Friday, April 3, 2020

Blog 3K

TigerBlog had several Zoom meetings yesterday, including an all-staff one in which there were thumbnails of all of his colleagues whom he hasn't seen in, what's it been?, months, years?

Actually, if you can believe it, TigerBlog was thinking about how four weeks ago this evening was the night he sat on his couch and watched Princeton women's basketball (Bella Alarie broke the school career points record), men's basketball (Princeton big over Columbia) and men's hockey (first-round ECAC win at Dartmouth).

Does it seem like only four weeks? No. It seems like another time from another world.

Another of TB's calls yesterday, by the way, involved head football coach Bob Surace, and a few others. TB asked them all the same trivia question:
"Only two switch-hitters in Major League history reached 3,000 hits. Can you name them?"

Only Coach Surace got them both: Pete Rose and Eddie Murray. Impressive.

Murray, by the way, is the only player ever to have at least 3,000 hits and 500 home runs. That's even more impressive for a switch-hitter.

In case you're wondering, Murray hit 504 career home runs, with 362 lefthanded and 142 righthanded.

Stats are fascinating things. In Princeton Athletic history, there are just some that leap out of the record books - Bill Bradley had 2,503 career points, Keith Elias ran for 4,208 yards, Leslie Robinson had the first triple-double in Princeton basketball history. TB could go on for awhile.

As you probably figured out a long time ago, TigerBlog loves statistics, something that stems from an even greater passion for numbers, patterns and algorithms.

Where this came from he's not sure, but it likely has something to do with the fact that numbers are finite for the most part. They offer clarity and certainty and in an ever spinning world they can offer comfort.

With that as a backdrop, you might be interested to know that this is the 3,000th entry in TigerBlog history.

He doesn't tell you this for recognition, but rather to demonstrate how important this is to him and how appreciative he is of all of you out there who read it every day. Without your feedback and readership TB isn't sure he'd be so dogged in his consistency, but aside from his own personal sense of accomplishment, he loves your comments and support.

The blog was born on Aug. 28, 2008, with no actual purpose other than to say Princeton Athletics had a blog. At the time, who knew what it might become?

At first, it was used for in-game blogging and some small messages. As TB has said before, nobody was reading it then, and it almost simply went by the wayside until TB hit on the idea of using it as a story-telling venture.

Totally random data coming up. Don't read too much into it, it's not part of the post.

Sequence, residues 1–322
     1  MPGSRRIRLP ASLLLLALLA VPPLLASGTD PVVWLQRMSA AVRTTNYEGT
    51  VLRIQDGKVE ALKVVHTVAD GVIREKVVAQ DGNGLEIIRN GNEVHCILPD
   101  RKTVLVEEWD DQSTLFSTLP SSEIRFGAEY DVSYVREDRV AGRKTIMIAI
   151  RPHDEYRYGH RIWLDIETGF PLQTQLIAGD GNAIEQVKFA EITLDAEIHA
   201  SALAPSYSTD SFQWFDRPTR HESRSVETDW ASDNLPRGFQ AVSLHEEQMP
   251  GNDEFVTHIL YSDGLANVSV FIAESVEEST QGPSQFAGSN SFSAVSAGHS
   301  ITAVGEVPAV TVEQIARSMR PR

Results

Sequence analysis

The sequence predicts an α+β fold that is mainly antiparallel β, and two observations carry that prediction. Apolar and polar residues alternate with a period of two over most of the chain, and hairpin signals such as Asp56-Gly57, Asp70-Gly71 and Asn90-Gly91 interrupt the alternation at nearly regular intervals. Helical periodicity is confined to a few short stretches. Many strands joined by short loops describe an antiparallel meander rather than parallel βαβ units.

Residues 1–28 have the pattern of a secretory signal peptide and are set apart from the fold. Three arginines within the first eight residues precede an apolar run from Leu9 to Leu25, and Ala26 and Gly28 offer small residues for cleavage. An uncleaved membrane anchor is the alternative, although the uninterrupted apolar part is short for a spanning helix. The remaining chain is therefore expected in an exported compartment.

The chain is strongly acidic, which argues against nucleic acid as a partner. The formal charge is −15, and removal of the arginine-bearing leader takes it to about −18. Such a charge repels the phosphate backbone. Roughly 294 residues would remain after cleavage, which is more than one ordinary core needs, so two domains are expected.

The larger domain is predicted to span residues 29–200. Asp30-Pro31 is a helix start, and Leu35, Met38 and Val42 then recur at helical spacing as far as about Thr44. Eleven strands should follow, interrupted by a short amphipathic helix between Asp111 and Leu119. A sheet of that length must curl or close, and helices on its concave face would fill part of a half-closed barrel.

From that point, things started to take off a bit. It was a few months until it became a daily venture, and that's where it stays now, without having missed a business day in more than 11 years.

The 1,000th entry was on May 17, 2012. The 2,000th was on May 2, 2016. Now it's 3,000.

If he had to guess, TB would say that he's written 2,800 of them. There were the early ones, that were most the short blurbs and in-game ones. There have been some guest spots through the years, for which he thanks everyone who has ever submitted one, especially Jim Barlow, Tad La Fountain, David Rosenfeld, Craig Sachson and Howard Levy. He also would like to thank the two Princeton Ford Family Directors of Athletics who have allowed it and seen its value, Gary Walters and Mollie Marcoux Samaan.

Every blog is archived here. They're not all worth going back and reading, but some are.

The best have always been the personal ones, the emotional ones, whoever the subjects have been. They have been the ones that have been the best-received, and they've been the ones that have really helped TB explain why Princeton Athletics - and what it has always represented - has been so special to him for more than 30 years now.

When TB first saw what day the 3,000th blog would fall on, he thought he'd be writing it in advance of a really busy spring athletic weekend. Now he's writing it in the middle of a pandemic that has brought athletics to a halt.

And while that may be true, what is even more obvious is that the connections that athletics foster are strong than ever. In these times, there have been all kinds of stories and all kinds of social media that prove that is the case.

As TB has been saying, staying connected now is more important than ever.

So again, he thanks everyone for staying connected with him all these years and through to the present. He's ready to start on the next 1,000 come Monday.

In the meantime, stay safe. And thanks for reading.


Jo Leonard-Price! said...

I agree that the personal ones are my favorite. And I would also like to say thank you for being "so dogged" about it. The consistency and warmth that comes from them is lovely in a world filled with conspiracy theories, fake news and just plain meanness. Thanks Tiger Blog.

Anonymous said...

great job informative, entertaining and very often moving. Here's to 3000 more!